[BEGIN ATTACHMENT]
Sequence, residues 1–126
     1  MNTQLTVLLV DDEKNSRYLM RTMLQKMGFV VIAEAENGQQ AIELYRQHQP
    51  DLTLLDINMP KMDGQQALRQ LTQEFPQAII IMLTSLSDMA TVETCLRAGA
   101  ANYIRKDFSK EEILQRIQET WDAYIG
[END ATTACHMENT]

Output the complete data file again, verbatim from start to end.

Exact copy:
Sequence, residues 1–126
     1  MNTQLTVLLV DDEKNSRYLM RTMLQKMGFV VIAEAENGQQ AIELYRQHQP
    51  DLTLLDINMP KMDGQQALRQ LTQEFPQAII IMLTSLSDMA TVETCLRAGA
   101  ANYIRKDFSK EEILQRIQET WDAYIG